The Telegraph
Since 1st March, 1999
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Ambush tales from front

Kuwait, March 28: Sergeant Charles Horgan was in the turret of his Humvee all-terrain vehicle approaching a group of men in civilian dress next to a bridge north of Nasiriyah when he heard a whizzing noise.

“I looked down the road,” he said yesterday. “There was a rocket coming towards us. I said to myself: ‘Oh my God, I’m going to die’. It was like in the movies. I shouted: ‘RPG.’ No sooner had I said it, it blew me off the truck.”

His foot was destroyed when the rocket hit their vehicle, and he is now one of at least 22 soldiers with combat injuries being treated at the US army hospital in Landstuhl, Germany.

“I looked at my foot and it looked like it was gone by the way my boot was hanging and I put it out of my mind,” he told a press conference at the hospital.

Sgt Horgan, 21, a gunner, said Staff Sgt Jamie Villafane, the Humvee driver, yelled a warning that another RPG was coming towards them. “It flew right past him and I saw him dodge to the side of the road and saw him go into my buddy’s truck which was right behind us.”

“They all got out OK. I was just focused on not panicking. I was oddly rational about things.” Staff Sgt Villafane, 31, of Brentwood, New York, who suffered a wound to his left arm, managed to pull the Humvee back, pursued the Iraqi attackers and forced four to drop their assault rifles and surrender.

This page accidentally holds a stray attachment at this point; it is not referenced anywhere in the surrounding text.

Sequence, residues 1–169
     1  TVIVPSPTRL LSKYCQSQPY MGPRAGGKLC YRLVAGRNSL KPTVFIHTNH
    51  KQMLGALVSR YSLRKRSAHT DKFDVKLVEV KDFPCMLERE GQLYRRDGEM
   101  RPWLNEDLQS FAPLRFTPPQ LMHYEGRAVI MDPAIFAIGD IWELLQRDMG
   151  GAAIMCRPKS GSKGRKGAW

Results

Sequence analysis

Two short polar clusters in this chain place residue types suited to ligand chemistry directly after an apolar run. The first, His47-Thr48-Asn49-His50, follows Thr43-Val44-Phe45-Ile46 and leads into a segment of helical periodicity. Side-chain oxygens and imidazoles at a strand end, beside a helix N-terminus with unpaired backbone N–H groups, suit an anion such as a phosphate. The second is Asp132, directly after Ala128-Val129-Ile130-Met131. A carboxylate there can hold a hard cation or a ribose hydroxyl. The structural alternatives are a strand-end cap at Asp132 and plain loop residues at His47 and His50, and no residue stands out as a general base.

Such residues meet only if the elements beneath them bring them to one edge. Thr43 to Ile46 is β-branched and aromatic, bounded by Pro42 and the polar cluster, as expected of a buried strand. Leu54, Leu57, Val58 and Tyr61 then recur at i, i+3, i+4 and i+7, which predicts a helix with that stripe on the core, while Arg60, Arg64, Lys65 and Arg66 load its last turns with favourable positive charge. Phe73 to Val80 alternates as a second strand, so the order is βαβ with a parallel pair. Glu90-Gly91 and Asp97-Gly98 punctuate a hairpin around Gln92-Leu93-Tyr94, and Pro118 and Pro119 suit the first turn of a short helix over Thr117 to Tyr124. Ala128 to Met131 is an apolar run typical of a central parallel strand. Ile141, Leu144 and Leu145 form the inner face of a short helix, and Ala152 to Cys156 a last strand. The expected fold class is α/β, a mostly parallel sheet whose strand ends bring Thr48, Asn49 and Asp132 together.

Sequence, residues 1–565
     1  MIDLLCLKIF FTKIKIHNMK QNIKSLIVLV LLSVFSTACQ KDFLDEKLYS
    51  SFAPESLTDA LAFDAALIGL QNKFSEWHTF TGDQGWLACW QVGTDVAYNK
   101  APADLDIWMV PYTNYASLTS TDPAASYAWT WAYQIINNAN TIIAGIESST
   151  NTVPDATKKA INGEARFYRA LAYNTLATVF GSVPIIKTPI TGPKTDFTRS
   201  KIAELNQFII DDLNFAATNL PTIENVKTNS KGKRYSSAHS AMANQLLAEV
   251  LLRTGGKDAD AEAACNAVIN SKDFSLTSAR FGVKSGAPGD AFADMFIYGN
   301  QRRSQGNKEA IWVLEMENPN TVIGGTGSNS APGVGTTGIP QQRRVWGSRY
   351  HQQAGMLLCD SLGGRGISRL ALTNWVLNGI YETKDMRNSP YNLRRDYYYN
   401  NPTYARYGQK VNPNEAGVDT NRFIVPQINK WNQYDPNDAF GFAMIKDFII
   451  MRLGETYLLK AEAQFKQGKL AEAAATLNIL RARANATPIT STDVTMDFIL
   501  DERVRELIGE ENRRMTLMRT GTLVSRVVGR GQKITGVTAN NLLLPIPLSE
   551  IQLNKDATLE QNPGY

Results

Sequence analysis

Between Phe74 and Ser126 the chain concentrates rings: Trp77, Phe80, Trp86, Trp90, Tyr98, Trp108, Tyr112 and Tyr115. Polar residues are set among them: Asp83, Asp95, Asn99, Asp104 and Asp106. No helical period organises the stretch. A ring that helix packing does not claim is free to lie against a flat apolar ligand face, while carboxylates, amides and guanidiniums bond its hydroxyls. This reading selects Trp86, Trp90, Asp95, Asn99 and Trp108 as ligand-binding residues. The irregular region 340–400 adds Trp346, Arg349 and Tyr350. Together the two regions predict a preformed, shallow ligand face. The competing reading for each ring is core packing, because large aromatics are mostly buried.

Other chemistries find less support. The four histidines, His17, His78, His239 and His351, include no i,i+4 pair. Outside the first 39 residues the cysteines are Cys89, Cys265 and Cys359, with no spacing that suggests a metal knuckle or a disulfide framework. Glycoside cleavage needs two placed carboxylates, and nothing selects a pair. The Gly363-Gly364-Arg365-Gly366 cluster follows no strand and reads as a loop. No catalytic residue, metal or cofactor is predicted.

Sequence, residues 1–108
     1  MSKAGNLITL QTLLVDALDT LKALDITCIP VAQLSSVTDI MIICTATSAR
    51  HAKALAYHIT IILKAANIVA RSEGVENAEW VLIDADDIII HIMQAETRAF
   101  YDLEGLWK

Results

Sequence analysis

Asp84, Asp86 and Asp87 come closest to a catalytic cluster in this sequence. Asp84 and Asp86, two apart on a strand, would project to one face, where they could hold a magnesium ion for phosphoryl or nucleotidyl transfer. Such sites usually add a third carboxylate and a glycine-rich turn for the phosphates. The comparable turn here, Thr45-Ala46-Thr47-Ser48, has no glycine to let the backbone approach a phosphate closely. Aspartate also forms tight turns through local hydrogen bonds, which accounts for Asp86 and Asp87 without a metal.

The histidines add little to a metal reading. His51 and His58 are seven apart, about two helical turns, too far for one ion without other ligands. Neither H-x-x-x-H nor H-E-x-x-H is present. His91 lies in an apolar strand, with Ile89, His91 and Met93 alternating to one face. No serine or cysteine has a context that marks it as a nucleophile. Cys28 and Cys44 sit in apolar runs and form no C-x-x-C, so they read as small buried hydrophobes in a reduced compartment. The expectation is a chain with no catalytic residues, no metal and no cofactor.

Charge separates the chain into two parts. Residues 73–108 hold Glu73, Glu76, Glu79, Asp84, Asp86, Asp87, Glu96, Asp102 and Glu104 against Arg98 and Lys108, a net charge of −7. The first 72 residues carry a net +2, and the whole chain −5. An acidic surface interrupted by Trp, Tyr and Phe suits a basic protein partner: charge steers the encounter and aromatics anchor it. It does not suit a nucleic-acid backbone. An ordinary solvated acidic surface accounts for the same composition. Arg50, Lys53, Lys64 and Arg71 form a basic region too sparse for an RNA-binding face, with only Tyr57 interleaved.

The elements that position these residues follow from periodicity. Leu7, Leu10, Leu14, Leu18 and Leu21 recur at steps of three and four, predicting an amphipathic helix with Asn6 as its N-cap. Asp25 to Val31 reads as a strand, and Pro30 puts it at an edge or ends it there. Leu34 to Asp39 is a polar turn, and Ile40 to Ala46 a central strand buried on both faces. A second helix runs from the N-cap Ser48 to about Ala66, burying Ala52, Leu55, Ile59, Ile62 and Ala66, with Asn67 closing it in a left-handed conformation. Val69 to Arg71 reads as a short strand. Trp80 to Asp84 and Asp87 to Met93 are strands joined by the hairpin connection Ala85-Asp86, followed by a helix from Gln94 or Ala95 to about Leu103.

“I could see they were all terrified,” he said. “They had robes on to look like Bedouins.”

The half-dozen or so Iraqis, all in civilian dress, had stopped a three-vehicle convoy of the First Battalion, 30th Infantry Regiment from Fort Benning, Georgia. Soldiers said they had been shocked at the way the Iraqi army was disguising itself as civilians, mingling with women and children and in one case firing from a hospital. “We were briefed that they might do it, but we’d had no problems with civilians up to that time,” said Staff Sgt Villafane.

He said he was bewildered by the hostile reception. “The amount of resistance, I don’t understand. We’re there to help them get out of the regime.”

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